Fitness entrepreneurs are drawn to the CrossFit business model because the outward appearance of a typical CF gym or “box” is decidedly industrial-looking (i.e. cheap) and the antithesis of the fancy schmancy chrome and glass franchises (i.e. expensive) such as “LA Fitness” and other well-known brands. It looks like a great business opportunity and it is!
The affiliate fees are modest ($3,000) as is the training certification cost ($1,000) and there is no revenue sharing required. Of course, there are expenses for rent, insurance, utilities, legal and accounting, but when an entrepreneur sees these converted warehouses, packed with die hard fitness fanatics who are paying $150 per month he/she thinks: “Hey. I can make some money doing what I love to do - helping clients get fit – with a CrossFit gym!”
It’s true about the modest accommodations of a typical CF box. However, all of those CrossFitters who show up at 6 a.m. ready for the workout of the day (WOD), demand great trainers and commercial quality equipment, both of which require initial capital investment and in the case of equipment, ongoing replacement.
When starting up a CrossFit gym, nothing is more important than the investment in excellent trainers. Finding these professionals is a very challenging task and this subject will be treated in greater detail in an upcoming post. However, this post will deal with what equipment is needed to open the doors on a CrossFit gym.
Location, Location, Location
Choosing appropriate equipment for a gym is partially dictated by the location of the workout facility and the clientele an owner wants to work with. A box on the Upper East Side Manhattan might require more modern and brand name equipment than one found in the warehouse district of New Orleans or Dallas. Plus, a smaller town may have fewer competing CrossFit programs and can survive and even flourish with very basic equipment.
According to this planner, “CrossFit is an ever-changing field in fitness, meaning there will be times when every affiliate box will need to include new equipment to keep up with the latest workouts. For example, the Assault Bike is an up and coming affiliate gym trend that not every fitness equipment company has available. Choose companies that are aware of and are able to accommodate these trends.”
It further noted that many boxes follow what they call the “Rule of Three,” meaning that a class should be able to be broken into three groups. For example, a class of fifteen individuals can be broken into three separate groups, therefore you would only need enough equipment for five individuals for each WOD. If the decision is to hold larger group sessions, each member of the group will require the same piece of equipment. Needless to say, this can be very expensive for a startup venture.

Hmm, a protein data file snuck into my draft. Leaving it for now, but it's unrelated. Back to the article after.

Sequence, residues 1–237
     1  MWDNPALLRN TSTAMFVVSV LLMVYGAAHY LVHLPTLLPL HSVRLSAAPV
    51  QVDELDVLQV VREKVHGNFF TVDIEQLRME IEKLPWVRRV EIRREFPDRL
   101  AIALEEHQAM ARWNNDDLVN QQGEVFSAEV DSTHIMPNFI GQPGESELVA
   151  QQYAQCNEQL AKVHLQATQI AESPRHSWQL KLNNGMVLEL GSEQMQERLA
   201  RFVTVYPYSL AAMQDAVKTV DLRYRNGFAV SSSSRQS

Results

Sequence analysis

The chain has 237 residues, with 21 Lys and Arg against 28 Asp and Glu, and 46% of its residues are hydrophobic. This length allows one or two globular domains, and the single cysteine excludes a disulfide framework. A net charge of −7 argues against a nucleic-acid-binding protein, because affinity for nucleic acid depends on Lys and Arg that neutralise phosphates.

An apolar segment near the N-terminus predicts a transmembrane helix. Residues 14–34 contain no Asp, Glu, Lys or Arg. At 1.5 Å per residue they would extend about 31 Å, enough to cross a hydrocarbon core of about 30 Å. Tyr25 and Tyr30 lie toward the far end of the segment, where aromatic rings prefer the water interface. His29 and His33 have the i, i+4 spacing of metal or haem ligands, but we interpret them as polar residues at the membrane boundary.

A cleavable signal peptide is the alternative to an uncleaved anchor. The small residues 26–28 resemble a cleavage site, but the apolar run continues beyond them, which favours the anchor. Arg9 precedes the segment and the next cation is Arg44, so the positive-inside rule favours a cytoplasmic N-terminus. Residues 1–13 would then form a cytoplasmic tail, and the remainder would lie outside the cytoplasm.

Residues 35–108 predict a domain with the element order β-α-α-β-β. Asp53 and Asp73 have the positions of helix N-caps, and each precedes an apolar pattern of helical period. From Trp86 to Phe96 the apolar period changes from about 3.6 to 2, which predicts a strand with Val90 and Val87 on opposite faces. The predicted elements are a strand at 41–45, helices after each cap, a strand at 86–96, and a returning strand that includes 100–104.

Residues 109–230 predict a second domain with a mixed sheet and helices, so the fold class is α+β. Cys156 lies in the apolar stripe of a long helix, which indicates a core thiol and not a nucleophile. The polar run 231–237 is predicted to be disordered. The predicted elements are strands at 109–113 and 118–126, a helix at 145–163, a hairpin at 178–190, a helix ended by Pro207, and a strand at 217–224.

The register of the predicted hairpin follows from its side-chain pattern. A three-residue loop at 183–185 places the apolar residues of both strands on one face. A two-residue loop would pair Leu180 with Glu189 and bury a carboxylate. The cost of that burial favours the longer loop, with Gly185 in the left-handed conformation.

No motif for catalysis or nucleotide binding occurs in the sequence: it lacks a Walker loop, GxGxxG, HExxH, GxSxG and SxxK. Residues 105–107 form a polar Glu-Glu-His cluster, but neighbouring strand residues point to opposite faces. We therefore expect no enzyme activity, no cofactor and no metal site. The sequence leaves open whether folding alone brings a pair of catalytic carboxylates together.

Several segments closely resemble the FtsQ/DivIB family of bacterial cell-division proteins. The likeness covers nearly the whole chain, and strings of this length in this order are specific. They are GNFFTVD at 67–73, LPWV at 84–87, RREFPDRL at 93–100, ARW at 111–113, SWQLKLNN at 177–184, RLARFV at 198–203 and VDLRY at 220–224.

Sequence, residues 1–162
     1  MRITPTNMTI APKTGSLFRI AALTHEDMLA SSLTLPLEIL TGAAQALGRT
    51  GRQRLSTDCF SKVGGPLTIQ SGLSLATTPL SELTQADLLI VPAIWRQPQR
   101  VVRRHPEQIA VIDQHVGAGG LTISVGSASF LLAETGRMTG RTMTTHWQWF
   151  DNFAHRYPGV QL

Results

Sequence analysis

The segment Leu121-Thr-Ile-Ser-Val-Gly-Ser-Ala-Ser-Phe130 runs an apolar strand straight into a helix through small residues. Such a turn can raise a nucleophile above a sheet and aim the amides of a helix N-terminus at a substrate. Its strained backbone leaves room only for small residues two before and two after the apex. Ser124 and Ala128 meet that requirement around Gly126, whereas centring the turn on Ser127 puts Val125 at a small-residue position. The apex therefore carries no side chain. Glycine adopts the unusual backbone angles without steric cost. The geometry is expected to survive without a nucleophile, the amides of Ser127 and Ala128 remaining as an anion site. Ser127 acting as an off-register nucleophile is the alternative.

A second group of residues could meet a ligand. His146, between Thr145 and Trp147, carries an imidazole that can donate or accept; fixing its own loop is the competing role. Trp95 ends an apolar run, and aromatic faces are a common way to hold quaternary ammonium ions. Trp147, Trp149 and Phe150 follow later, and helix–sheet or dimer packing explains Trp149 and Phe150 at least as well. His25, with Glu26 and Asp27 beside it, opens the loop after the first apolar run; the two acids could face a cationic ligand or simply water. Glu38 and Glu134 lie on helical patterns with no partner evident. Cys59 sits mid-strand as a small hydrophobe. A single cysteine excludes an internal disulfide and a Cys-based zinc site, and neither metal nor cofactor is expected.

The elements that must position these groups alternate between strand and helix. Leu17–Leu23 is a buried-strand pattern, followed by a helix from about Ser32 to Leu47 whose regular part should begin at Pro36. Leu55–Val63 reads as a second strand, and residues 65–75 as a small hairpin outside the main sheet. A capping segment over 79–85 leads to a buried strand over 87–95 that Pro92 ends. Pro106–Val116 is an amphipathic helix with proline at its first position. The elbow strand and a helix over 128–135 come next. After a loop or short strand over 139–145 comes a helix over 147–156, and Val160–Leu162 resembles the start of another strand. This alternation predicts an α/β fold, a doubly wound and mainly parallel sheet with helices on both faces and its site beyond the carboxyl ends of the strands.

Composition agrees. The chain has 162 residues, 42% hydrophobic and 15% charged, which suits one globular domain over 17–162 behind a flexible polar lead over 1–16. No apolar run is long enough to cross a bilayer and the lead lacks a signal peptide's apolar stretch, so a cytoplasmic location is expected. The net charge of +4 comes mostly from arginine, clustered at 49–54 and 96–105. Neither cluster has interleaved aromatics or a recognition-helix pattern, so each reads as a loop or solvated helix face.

Equipment Investment Costs
According to many websites on the subject, outfitting a new CrossFit box with commercial equipment can run from $5,000 to $100,000 dollars. The types of workouts that are planned, the number of people in each session, the training strategies contemplated, location of the gym and other factors will dictate how much investment in equipment is required.
Some equipment, such as used truck tires which are used in workouts geared toward building explosive lower and upper body strength are cheap and readily available at any tire store. While the state of the art commercial grade, “Big Grip Kettlebells” from Rally Fitness cost about $85 each. If the plan is to use these Big Grip Kettlebells in a group of 15, the investment will be $1,275 (and change) plus tax for this equipment.
Most gym owners benefit from researching “package” deals from equipment manufacturers. Each company offers a little different package, composed of different pieces of equipment. Rally Fitness has a competitively priced package it calls “The Captain.” This includes:
The price for this package is $2,399.00 and most gyms would want to purchase at least three and perhaps five of these packages in order to accommodate the “groups of three” noted above.
It is tempting for an owner of a startup box to save money by purchasing cheaper equipment from a big-box retailer. This is certainly an option but it is a bad option.
CrossFit athletes are much more serious about their workouts than any other, more casual, fitness enthusiasts. Because of their average income and professional standing they expect quality training and safe equipment. This is part of the reason they are not hesitant to pay upwards of $150 per month in fees.
Don’t skimp on the quality of the gym’s equipment just to save a few bucks in the beginning. Buy quality and build confidence in the staying power of the box.If you have questions about the type of equipment you need for your CrossFit gym, contact us and we will be happy to share ideas and financing options